Saturday, January 8, 2011

White-winged Crossbill 2011

 While at the Fermeuse Feeder Fiesta last week, I had many surprises. The focus was on the Baltimore Oriole and the Dickcissel but much to my delight, this little female White-winged Crossbill showed up. I was so focused on the other birds that I didn't even notice this one until someone pointed it out.
 She sat quietly munching away at the suet cakes not making a sound. It is very common to first hear the White-winged Crossbill before seeing them, but not this one. Her mind was on having a great lunch. She doesn't have great dinner manners though and often looked around with lots of food stuck on her beak.

The White-winged Crossbill is common in Newfoundland and even breeds here year around. The male of this species is bright red and is a real "stunner." It is not unusual to see these birds on the sides of the road as they are drawn to the salt used to clear the snow and ice from the roads. Distant images of the male were posted in October 2010.

This little birds looks somewhat cuddly until the prominent crossbill, for which it is named, goes into action. I think it could inflict serious injury. With this crossbill, the bird is able to crack open seeds that it finds, and it uses it tongue to extract the seed from its casing.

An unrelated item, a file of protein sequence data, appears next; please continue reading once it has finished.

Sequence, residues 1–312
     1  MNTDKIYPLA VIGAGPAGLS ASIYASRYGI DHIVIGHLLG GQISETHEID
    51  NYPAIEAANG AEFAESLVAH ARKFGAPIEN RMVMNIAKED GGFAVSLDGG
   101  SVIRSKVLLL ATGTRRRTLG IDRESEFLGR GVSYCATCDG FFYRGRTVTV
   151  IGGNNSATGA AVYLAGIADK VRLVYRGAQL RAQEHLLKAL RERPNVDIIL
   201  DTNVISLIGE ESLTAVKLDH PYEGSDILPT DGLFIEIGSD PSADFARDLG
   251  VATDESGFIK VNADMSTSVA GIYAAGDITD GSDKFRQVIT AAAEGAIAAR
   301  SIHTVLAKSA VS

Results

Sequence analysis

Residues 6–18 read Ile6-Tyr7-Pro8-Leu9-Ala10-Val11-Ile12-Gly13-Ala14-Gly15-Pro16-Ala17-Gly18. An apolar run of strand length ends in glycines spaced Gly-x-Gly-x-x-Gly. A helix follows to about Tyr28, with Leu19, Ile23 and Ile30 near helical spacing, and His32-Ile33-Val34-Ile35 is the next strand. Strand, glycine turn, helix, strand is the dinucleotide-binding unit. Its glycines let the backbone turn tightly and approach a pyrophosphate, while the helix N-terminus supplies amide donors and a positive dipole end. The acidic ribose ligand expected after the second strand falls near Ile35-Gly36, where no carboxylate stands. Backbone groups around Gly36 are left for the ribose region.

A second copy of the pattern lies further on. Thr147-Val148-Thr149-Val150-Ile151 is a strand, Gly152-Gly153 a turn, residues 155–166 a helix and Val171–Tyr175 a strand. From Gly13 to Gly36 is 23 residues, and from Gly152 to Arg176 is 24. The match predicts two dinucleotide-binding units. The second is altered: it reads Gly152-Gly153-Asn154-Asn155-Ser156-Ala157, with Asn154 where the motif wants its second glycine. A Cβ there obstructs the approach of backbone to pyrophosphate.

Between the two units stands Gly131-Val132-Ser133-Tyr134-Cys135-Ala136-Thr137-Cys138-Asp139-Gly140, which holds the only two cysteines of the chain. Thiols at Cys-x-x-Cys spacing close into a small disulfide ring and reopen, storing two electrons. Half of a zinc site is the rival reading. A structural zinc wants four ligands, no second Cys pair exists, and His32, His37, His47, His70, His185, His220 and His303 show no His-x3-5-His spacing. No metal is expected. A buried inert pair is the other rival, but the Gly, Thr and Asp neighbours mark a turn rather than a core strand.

This was my first opportunity to see a White-winged Crossbill at a feeder and get a really close look. I was really hoping that a male would fly in but that didn't happen this time. Since there is a lot of streaking on this little bird, it may be a juvenile.  The white bars on the wings don't seem to be as bright as an adult.

There is no doubt that seeing all of these special little birds warms up the winter winds and shortens the days.  A day birdwatching makes time evaporate!

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